Many of us use social media to stay in touch with friends and family. In most cases, you may not even think twice about what you are posting. However, if you are facing criminal charges, your social media posts can have a big impact on your case. It's important to be aware of this and to be cautious about what you share if you are involved in a criminal case.
In short, yes, social media posts you make can be used against you in a court of law. The prosecution will need to ensure they can prove the authenticity of your posts as well as provide context. There are specific procedures for capturing digital evidence and failure to follow these can invalidate the evidence. That being said, as a defendant, you should assume that the prosecution can and will be able to capture your posts in accordance with these rules.
If you have been charged with a crime and are now realizing that some of your posts could be incriminating, you may be tempted to delete them. However, you should not do this. Deleting the posts could be considered destruction of evidence. Additionally, it’s likely that copies of the posts still exist. You should instead talk to your attorney about the best course of action moving forward.
Instead of deleting posts after the fact, the best thing you can do is think before you post something. Even if you are never involved in a criminal case, this is good practice for avoiding other issues. If you are ever facing criminal charges, be sure to take a cautious approach to any new posts and to consult with your lawyer.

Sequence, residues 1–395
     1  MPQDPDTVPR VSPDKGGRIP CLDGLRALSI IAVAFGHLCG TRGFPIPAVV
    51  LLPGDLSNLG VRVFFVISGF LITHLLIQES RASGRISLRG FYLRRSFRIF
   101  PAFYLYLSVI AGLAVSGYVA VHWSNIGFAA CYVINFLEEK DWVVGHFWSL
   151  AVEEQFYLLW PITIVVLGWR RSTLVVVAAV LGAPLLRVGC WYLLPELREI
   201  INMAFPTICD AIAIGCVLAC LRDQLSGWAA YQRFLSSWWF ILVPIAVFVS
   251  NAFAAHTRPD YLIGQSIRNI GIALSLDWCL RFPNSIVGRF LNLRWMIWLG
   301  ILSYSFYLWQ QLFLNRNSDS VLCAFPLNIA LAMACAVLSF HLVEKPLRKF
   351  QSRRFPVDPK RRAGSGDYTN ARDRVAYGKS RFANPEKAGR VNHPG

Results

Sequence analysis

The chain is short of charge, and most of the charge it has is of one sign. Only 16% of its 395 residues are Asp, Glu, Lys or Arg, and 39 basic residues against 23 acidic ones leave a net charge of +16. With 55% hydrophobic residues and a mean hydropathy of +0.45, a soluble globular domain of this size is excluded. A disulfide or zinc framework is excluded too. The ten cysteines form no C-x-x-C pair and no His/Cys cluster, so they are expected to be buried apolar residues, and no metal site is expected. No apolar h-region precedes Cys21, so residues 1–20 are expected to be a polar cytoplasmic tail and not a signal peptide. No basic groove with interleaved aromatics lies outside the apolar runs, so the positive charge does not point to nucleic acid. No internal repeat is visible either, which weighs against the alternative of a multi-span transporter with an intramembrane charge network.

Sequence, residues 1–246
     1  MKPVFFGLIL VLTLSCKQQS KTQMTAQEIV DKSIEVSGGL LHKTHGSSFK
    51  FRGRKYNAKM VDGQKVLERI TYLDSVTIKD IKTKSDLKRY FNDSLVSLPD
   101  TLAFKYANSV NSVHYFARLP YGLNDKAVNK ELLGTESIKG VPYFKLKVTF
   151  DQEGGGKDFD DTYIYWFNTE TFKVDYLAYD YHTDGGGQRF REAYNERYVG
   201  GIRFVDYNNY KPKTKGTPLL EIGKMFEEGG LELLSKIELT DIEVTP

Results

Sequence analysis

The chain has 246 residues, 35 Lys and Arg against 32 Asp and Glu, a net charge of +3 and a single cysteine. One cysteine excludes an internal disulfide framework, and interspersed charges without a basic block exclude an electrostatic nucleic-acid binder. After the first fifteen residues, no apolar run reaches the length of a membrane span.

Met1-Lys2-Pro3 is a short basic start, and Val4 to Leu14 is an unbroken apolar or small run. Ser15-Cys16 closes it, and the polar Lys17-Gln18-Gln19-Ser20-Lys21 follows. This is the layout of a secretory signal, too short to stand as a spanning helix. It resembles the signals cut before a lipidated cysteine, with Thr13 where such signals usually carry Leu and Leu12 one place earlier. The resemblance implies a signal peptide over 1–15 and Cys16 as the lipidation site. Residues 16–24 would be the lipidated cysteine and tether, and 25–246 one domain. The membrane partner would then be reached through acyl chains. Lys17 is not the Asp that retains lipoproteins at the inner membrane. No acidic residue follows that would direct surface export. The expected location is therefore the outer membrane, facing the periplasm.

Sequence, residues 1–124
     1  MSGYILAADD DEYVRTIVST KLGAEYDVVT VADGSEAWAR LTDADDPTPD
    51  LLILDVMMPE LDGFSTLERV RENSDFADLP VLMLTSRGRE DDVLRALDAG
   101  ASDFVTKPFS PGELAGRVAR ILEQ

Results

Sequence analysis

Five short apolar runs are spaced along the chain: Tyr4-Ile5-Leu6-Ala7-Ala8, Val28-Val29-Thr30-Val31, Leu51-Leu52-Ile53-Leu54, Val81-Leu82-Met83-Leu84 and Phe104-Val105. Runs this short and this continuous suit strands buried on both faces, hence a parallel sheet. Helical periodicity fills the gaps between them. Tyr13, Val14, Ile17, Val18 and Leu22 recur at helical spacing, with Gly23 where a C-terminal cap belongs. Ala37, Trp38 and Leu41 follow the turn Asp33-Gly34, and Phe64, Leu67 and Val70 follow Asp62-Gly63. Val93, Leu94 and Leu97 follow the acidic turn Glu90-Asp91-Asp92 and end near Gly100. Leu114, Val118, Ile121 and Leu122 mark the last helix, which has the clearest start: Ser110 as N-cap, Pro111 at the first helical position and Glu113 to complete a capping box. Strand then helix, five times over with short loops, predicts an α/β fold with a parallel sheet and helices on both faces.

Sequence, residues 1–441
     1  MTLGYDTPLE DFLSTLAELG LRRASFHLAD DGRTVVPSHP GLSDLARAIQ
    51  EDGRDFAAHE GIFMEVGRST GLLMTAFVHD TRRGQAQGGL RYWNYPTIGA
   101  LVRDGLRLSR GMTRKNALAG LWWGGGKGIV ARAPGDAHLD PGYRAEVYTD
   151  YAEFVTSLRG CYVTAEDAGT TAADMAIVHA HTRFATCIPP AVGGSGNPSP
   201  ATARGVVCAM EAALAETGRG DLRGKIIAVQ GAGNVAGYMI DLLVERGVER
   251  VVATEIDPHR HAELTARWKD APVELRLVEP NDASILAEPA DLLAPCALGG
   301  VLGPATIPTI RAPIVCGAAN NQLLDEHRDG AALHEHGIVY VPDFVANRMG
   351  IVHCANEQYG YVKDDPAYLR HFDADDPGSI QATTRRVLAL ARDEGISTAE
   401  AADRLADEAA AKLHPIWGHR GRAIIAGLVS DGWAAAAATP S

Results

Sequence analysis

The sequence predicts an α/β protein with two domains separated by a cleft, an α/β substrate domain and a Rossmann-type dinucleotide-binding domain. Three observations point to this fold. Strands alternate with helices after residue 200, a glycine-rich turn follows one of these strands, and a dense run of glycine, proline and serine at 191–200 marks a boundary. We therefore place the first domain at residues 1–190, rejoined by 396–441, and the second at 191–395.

The prosecution can use your social media posts against you in a variety of ways.Some of these include:
If you check in at a certain location on social media, this provides a timeline for when you were at the location and may raise red flags in your case depending on the circumstances. Some apps may even track and post your location without you realizing it.
Negative posts about others who are involved in your case could be used as evidence against you. This can be especially relevant in domestic violence or assault cases. Even if you are frustrated with allegations against you, do not vent these frustrations on social media.
Your posts may connect you with known criminals or suspected accomplices. Although a simple association isn't proof of guilt, it could be used as evidence against you depending on the facts of the case.
The prosecution may use your social media to paint a general picture of your character. If you have posts that show you drinking an excessive amount of alcohol or otherwise could depict you in a negative light, these could be evidence in court.
Our highly skilled attorneys can help you navigate the complexities of your criminal case.